Adoptable Georgia Dogs for July 10, 2014


Tatum is an adult male Shepherd mix. Tatum is a very playful and athletic boy. He loves to play ball, gets along with other dogs and would make a great family pet. He desperately wants to find a forever home but would be thankful also for a foster. Please call David Butler 404-597-7948 for info.

Tatum is available for adoption from Second Chance Animal Rescue and Adoptions in Roswell, Ga.


Freddie is an eight-year old male Yellow Lab described as happy, well behaved and simply the sweetest BFF kinda pal anyone could ever have. Freddie will do best in a calm household. He loves kids, but gets over-stimulated in loud, active environments. Although he has lived in a foster home with other dogs, he’s not good at meeting new dogs while on-leash.

Freddie is available for adoption from Atlanta Dog Squad in Roswell, Ga.


Vinnie is an adult Golden Retriever, respectful with other dogs and he gets along well with the female resident Golden in my foster home. His foster Mom says I’m a dream on the leash, well-behaved in the house and housetrained. He’s very smart too and a quick learner.

Vinnie suffers from severe separation anxiety and thunder phobia and his foster family is working on ways to manage my anxiety. Because of his anxieties, Vinne will need a fenced yard. He would like to be with my family most of the time and when they are gone he would love to have a dog companion to keep me company.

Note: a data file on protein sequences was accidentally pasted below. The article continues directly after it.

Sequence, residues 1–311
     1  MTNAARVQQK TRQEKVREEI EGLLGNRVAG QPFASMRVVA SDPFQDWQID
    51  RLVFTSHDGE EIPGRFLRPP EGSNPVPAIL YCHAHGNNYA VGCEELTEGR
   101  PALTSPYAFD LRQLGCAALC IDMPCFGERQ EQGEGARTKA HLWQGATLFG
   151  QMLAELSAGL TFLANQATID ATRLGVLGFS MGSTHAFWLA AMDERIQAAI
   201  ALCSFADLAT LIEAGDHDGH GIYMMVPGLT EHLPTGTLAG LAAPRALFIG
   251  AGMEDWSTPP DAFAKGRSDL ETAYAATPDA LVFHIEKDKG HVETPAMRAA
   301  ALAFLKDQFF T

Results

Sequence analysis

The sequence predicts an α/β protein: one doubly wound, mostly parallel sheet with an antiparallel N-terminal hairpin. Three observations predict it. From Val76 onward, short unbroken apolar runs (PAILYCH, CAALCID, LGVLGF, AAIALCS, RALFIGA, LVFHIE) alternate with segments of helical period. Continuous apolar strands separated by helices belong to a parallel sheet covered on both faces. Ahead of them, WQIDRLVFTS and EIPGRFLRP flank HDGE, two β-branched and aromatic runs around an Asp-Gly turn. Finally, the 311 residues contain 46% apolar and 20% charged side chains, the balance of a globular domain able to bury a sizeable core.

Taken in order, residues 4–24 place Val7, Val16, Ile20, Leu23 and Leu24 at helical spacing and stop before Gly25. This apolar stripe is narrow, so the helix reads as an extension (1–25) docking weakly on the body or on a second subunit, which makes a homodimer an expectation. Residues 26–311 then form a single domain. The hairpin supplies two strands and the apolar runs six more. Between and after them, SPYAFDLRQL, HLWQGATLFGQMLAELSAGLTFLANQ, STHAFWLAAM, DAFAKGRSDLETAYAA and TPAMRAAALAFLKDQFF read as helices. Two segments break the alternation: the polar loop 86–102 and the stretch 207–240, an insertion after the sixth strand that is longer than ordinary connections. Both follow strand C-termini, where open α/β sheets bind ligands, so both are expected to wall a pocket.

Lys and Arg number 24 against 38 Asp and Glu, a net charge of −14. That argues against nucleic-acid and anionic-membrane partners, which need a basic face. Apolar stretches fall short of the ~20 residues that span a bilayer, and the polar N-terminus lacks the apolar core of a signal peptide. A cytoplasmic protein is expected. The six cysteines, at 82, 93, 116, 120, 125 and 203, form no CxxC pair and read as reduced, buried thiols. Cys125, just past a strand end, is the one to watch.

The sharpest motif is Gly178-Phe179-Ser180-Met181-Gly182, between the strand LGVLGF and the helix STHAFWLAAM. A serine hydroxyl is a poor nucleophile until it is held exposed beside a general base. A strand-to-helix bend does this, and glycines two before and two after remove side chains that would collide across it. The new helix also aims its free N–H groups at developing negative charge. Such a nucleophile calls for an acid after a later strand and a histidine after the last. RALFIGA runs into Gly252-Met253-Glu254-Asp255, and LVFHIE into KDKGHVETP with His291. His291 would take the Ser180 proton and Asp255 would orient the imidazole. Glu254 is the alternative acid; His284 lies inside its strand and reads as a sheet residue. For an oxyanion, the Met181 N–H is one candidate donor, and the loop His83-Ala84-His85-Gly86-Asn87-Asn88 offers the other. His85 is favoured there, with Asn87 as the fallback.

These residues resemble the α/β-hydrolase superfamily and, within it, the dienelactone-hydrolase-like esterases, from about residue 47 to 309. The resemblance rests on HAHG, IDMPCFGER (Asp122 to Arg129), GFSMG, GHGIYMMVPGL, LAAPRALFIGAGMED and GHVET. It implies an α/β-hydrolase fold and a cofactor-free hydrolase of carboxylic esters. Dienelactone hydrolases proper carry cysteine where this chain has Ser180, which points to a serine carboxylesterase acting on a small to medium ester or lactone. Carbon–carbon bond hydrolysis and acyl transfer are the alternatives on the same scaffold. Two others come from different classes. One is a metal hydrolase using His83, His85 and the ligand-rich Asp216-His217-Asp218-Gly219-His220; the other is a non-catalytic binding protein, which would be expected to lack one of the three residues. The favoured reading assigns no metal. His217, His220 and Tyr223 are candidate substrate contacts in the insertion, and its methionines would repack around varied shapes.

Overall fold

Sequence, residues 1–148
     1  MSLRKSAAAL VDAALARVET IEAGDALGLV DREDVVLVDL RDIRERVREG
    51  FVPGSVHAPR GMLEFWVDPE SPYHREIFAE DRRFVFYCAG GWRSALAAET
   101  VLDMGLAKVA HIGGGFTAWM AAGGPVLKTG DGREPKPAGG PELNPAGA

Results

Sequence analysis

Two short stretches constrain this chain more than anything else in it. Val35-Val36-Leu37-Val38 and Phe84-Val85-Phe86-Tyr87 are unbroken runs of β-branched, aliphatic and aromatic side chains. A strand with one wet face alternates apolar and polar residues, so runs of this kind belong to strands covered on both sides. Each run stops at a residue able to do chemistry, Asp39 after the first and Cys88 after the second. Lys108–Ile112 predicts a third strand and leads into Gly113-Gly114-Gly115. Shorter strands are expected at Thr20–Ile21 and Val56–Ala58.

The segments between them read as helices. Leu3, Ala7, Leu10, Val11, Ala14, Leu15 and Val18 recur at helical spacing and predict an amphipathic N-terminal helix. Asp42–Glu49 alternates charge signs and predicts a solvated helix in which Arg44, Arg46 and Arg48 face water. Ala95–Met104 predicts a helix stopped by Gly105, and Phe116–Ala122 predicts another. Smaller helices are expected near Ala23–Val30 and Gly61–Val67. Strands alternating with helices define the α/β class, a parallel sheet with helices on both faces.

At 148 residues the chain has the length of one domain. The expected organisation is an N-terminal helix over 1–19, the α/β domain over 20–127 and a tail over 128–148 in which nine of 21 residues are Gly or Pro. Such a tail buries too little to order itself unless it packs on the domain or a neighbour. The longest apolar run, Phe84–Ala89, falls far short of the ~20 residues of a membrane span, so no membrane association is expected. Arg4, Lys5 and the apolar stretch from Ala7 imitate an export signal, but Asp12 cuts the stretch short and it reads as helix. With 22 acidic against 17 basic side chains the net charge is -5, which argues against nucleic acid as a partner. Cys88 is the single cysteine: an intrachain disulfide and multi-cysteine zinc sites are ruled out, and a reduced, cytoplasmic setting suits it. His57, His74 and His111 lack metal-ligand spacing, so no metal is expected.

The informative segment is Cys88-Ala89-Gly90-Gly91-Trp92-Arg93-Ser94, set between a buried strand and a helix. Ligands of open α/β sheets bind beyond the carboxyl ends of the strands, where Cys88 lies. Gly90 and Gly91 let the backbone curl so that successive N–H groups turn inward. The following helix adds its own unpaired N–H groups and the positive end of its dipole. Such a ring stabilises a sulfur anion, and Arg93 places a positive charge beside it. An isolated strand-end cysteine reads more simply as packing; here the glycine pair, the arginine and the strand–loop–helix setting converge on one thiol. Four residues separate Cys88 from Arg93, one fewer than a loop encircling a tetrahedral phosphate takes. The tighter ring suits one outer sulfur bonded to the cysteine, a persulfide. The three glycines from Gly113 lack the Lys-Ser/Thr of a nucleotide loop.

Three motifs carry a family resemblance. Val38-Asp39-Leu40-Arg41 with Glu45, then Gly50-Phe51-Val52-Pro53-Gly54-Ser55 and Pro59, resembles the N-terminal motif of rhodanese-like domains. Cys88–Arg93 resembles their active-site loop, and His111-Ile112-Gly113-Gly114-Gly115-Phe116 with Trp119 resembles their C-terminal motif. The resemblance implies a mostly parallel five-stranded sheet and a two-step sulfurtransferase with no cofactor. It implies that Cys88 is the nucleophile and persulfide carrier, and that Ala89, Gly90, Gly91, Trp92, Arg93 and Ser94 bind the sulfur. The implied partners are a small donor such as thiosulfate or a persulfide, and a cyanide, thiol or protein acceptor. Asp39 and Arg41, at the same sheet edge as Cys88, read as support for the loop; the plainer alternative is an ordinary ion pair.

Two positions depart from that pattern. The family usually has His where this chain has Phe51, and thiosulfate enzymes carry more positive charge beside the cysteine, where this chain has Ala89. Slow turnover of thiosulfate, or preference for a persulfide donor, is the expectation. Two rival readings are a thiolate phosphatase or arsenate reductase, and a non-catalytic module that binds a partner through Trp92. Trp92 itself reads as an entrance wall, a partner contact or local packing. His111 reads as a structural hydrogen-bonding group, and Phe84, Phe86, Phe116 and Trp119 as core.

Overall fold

Vinnie is available for adoption from Golden Retriever Rescue of Atlanta in Roswell, Ga.

Woodall to Chair Republican Study Committee

(Washington, DC) – Today, U.S. Representative Rob Woodall (GA-07) issued the following statement regarding being selected as incoming Chairman of the Republican Study Committee (RSC), a group of the most conservative Members of the U.S. House of Representatives. Following former Chairman Steve Scalise’s departure to serve as Majority Whip, the RSC has chosen Woodall to serve as Chairman until the regular committee elections later this year. The committee’s leadership will officially transition to Woodall on July 16.

“It is both humbling and exciting to have the opportunity to lead this fantastic group of individuals committed to advancing conservative principles,” said Woodall.

EBT participation grows at Forsyth Farmers Market |

Participation in Forsyth Farmers Market’s program for people receiving EBT, or food stamps, grew for a fifth straight year in 2013, and sales this year are on track to match that, according to its latest figures.

Teri Schell, coordinator of the market, said SNAP/EBT sales totaled $31,190 last year, a 38 percent increase from 2012’s sales of $22,466.

With assistance from the nonprofit group Wholesome Wave Georgia, Forsyth Farmers Market doubles up to $60 for customers using SNAP/EBT, meaning for 2013, including matching funds, those on supplemental assistance had a total purchasing power of $62,381.

“That means over $62,000 in good food to our neighbors, but also $62,000 in our vendors’ pockets and (money) that stays within our local economy,” said Schell.